Thomas J. Carter is a Senior Policy Advisor in the International Economic Analysis Department. In this capacity, he plays an important role in supporting and enhancing the Bank’s participation and influence in international policy forums, such as the G7 and G20 meetings. He also conducts research and analysis on a range of monetary policy topics.
Thomas received his PhD in economics from Princeton University. Prior to his current role, he worked as Director of International Model Development in the International Economic Analysis Department – a position in which he led a team responsible for expanding and maintaining a suite of models that the Bank uses to explore various international issues and their implications for policy. He has also worked as a Principal Economist in the Canadian Economic Analysis Department.
We expect global potential output growth to increase from 2.7% in 2021 to 2.9% by 2024. Compared with the April 2021 assessment, global potential output growth is marginally slower. The current range for the US neutral rate is 2% to 3%, 0.25 percentage points higher than staff’s last assessment.
We expect global potential output growth to rise to 3 percent by 2022. Relative to the last assessment in October 2020, potential output growth has been revised up across all the regions. The range of the US neutral rate remains unchanged relative to the autumn 2020 assessment.
This note provides an update on Bank of Canada staff’s assessment of the Canadian neutral rate. The neutral rate is the policy rate needed to keep output at its potential level and inflation at target once the effects of any cyclical shocks have dissipated. This medium- to long-run concept serves as a benchmark for gauging the degree of monetary stimulus provided by a given policy setting.
In light of the financial crisis and its aftermath, several economists have argued that inflation-targeting central banks should reconsider the level of their inflation targets. While the appropriate level for the inflation target remains an open question, it’s important to note that any transition to a new target would entail certain costs.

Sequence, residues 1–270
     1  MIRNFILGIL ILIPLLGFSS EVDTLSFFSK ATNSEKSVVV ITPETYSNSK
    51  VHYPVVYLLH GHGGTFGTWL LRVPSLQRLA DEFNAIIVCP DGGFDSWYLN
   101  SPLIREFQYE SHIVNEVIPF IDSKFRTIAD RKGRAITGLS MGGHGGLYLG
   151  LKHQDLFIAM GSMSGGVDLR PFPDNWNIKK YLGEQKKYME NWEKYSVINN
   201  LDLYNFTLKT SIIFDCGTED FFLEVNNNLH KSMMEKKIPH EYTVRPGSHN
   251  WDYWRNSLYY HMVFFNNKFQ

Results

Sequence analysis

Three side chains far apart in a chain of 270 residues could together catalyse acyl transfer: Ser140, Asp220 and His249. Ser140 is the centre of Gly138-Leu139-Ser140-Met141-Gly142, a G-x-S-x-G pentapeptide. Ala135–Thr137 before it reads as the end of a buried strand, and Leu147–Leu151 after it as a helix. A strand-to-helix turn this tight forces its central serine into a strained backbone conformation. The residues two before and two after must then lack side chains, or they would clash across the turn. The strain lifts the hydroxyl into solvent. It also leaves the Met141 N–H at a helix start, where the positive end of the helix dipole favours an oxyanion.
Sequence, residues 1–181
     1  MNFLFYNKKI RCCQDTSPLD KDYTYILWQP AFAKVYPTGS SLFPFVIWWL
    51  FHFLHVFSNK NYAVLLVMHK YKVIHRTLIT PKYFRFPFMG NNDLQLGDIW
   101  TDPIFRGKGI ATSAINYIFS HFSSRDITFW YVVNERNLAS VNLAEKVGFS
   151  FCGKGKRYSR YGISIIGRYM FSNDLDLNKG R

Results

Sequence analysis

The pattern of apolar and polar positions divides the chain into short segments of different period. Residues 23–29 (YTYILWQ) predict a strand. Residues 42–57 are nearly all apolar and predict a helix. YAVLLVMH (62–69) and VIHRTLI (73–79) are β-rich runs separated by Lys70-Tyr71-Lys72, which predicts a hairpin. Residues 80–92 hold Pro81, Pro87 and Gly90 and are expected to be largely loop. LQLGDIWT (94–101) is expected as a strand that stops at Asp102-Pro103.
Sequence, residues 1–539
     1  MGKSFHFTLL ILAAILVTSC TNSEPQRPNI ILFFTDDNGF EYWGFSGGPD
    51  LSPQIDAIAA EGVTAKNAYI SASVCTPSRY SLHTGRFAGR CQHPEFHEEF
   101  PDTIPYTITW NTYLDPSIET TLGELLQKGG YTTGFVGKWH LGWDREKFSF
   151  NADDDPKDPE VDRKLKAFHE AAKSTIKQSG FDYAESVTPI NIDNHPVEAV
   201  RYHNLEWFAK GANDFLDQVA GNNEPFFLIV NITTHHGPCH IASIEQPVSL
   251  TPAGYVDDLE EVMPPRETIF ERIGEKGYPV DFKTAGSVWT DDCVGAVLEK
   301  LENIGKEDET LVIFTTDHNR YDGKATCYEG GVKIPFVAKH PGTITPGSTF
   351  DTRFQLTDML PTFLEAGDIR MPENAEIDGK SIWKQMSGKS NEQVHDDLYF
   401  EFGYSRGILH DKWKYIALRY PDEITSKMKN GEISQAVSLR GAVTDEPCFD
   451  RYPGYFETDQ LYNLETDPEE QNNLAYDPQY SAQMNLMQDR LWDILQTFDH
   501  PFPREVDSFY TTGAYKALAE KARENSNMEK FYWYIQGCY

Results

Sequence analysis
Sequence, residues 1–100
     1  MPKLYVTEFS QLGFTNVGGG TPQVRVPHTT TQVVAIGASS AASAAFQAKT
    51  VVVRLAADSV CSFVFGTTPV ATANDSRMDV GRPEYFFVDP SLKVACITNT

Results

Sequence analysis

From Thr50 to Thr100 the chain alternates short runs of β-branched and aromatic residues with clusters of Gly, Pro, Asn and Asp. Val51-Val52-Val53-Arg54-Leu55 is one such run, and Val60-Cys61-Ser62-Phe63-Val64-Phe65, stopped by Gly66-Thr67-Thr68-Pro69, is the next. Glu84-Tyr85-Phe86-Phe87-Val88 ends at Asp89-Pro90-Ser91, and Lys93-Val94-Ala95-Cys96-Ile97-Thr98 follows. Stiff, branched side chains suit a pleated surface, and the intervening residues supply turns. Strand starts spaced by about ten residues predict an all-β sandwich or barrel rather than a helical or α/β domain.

Conventional models imply that central banks aiming to raise inflation should lower nominal rates and thus stimulate aggregate demand. However, several economists have recently challenged this conventional wisdom in favour of an alternative “neo-Fisherian’’ view under which higher nominal rates might in fact lead to higher inflation.
This paper presents Bank of Canada staff’s current assessment of the US neutral rate, along with a newly developed set of models on which that assessment is based. The overall assessment is that the US neutral rate currently lies in a range of 1.75 to 2.75 percent.
We summarize the review and renewal process at four central banks (Reserve Bank of New Zealand, Bank of England, Sveriges Riksbank and the US Federal Reserve Bank) and compare them with the process at the Bank of Canada, which has been well-established since 2001.
We analyze money financing of fiscal transfers (helicopter money) in two simple New Keynesian models: a “textbook” model in which all money is non-interest-bearing (e.g., all money is currency), and a more realistic model with interest-bearing reserves.
In 1991, Canada became the second country to adopt an inflation target as a central pillar of its monetary policy framework. The regime has proven much more successful than initially expected, both in achieving price stability and in stabilizing the real economy against a wide range of shocks.
The authors use microdata from the 1999 and 2005 Surveys of Financial Security to identify changes in household debt, and discuss their potential implications for monetary policy and financial stability. They document an increase in the debt-income ratio, which rose from 0.75 to 0.95, on average.
Why might central banks want to look through supply-driven inflation sometimes and pivot away at other times? When does a change in monetary policy stance help anchor expectations? In this paper we present a simple environment that helps clarify these issues by offering an optimal policy perspective on recent central bank behaviour.
Recent years have seen renewed interest in the regulation of interbank markets. A review of the literature in this area identifies two gaps: first, the literature has tended to make ad hoc assumptions about the interbank contract space, which makes it difficult to generate convincing policy prescriptions; second, the literature has tended to focus on ex-post interventions that kick in only after an interbank disruption has come underway (e.g., open-market operations, lender-of-last-resort interventions, bail-outs), rather than ex-ante prudential policies.
The long-run relation between growth and inflation has not yet been studied in the context of nominal price and wage rigidities, despite the fact that these rigidities now figure prominently in workhorse macroeconomic models.
In 2006, the Bank initiated a research program exploring two alternatives to the current inflation-targeting framework: (i) lowering the inflation target and (ii) shifting to a price-level target. This article discusses progress to date, places the Bank's findings in the context of a broader literature, and identifies avenues for future research.